Samsung's VC-RP30W Robotic Vacuum
Several News agencies such as MobileMag have declared:
Samsung Unveils High-tech Robot Vacuum Cleaner Samsung's
robotic vacuum cleaner, identified as
VC-RP30W, vacuums your house the smart way: it makes a 3D
map and knows
which areas of your house needs cleaning. This is contrary to a recent article that
says mapping less is better. This is also contrary to popular
that just bounce around your house unwittingly with hopes of
eventually vacuuming all the floor. This robot is no dummy. The
lasts about 50 minutes
a charge and when the battery gets low, it goes back automatically to
the charging station
for a recharge. You can program it to your desired start times to
start when you're away, and
you can even monitor the vacuum from work doing its work with an
internet connection and its
internal camera. With all this robotic intelligence and obvious great
design and crafting, you can guess why there's no mention of price or
camera, internet connection,
charging station, etc, I don't expect it to be as cheap as a Roomba
but at least it's got to be some kind of world's first great
vacuum cleaning robot for
several news articles you can find on this announcement.
There's several older Robots.net stories on vacuum
Just what we need another $3,000 vaccum cleaner.
I wonder if it can get over the throw rug without getting hung up?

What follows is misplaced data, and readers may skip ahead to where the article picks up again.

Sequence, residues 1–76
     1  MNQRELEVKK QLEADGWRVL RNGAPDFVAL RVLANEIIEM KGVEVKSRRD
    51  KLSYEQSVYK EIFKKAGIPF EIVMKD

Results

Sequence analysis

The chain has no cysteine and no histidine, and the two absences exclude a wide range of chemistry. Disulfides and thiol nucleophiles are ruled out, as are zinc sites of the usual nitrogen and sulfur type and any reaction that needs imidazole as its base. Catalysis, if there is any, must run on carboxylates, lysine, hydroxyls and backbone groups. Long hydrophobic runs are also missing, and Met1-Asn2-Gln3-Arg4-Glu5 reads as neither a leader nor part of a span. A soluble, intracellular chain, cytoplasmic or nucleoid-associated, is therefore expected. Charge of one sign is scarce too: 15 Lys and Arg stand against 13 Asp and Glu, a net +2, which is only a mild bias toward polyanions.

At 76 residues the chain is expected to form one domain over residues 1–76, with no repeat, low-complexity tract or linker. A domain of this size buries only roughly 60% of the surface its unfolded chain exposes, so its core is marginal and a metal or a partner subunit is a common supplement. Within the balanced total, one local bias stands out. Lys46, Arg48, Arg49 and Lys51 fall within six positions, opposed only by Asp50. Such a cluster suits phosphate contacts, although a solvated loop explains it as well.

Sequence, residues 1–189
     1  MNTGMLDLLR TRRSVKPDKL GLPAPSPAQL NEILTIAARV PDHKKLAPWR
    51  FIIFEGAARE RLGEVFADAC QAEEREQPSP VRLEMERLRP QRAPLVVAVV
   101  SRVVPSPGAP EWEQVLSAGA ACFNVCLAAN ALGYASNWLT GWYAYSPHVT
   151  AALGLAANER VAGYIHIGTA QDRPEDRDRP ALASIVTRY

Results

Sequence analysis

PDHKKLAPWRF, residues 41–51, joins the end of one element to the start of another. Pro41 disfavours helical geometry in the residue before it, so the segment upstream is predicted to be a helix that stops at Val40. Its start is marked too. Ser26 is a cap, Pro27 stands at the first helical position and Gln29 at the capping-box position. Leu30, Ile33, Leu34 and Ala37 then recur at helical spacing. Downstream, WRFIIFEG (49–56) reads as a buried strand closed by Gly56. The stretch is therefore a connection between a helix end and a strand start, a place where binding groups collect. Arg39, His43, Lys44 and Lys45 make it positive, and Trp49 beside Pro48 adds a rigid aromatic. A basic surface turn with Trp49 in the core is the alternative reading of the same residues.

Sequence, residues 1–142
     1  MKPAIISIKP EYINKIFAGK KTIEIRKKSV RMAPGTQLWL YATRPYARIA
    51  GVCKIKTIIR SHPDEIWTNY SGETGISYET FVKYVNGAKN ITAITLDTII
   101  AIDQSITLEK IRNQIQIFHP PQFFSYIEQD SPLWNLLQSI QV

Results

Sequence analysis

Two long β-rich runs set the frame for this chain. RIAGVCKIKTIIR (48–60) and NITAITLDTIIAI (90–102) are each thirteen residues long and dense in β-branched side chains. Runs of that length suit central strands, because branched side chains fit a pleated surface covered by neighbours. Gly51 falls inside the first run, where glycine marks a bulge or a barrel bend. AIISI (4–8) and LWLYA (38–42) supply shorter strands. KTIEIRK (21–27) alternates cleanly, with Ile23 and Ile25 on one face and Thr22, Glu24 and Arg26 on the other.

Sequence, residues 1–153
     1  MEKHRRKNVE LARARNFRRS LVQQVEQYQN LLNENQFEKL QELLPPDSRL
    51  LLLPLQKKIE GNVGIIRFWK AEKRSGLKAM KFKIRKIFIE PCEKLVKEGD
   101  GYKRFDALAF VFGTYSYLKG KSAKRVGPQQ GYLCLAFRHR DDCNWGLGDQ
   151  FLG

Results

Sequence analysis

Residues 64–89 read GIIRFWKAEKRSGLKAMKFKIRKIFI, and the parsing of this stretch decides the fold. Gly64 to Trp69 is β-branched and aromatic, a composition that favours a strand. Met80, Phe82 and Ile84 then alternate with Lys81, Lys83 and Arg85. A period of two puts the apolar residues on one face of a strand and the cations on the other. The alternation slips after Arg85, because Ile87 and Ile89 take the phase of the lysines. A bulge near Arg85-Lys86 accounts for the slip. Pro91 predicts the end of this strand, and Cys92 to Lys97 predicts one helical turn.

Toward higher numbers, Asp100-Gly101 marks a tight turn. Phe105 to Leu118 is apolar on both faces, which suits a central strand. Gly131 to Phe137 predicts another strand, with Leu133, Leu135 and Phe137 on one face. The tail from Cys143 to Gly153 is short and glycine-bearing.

I wonder how it handles the coffee table without getting stuck?
Hard to tell from where I‛TM]m standing, but probably not. eQue sera
sera, whatever will be will be. the future‛TM]s not ours to see, que sera
I don‛TM]t think the future of housekeeping will be like the futures that
roboticists like my ex-correspondent Joseph Engelberger, or Hans
Moravec want. At the time of our correspondence, Mr. Engelberger
was trying to obtain funding to develop a robotic nurse that would
cost about seventy thousand dollars. I may have suggested that
seventy thousand dollars would pay for a lot of companionship,
housekeeping and nursing before Engelburger suggested the
termination of our correspondence.
I haven‛TM]t attempted any correspondence with Dr. Moravec who
scares me more than Saddam Hussein ever did. Read Moravec‛TM]s
article eRise of the Robots,†in the December, 1999 issue of
Scientific American and I believe that you, dear reader, will
be frightened too, if you intend to be alive in the year 2050 Annie
Moravec predicted that robotic vacuum cleaners will sprout arms,
etc., and evolve into robotic servants that are smarter than people
at some time around the middle of this century. It seems unlikely
that robots will be content to work for people that aren‛TM]t as smart,
so anticipate an effort by one of these servants to pass as a
human and become a politician. there will be more robots than
people then, so if robots vote in large numers, passing as a
human would, of course, be counterproductive.
I think it‛TM]s more likely that Cisco Systems and Whirlpool will try to
jump start the smart appliance thing they had going before the
collapse of the dotcom boom put it on hold. If this happens, robotic
vacuum cleaners are likely to devolve into things that scurry around
and plug themselves into ducts for built-in vacuum systems
similar to those that already exist.
The scurriers probably won‛TM]t have batteries or CPUs, since they
could scurry by tapping into the energy of flywheels that are revved
up while they are plugged in, and operate under remote control by
computers named eHal†that live in walls, basements or attics and
manages things by using carpets with features similar to those of
pressure-sensitive sketching pads for computers.
The danger‧' if this comes to pass‧' won‛TM]t come from anything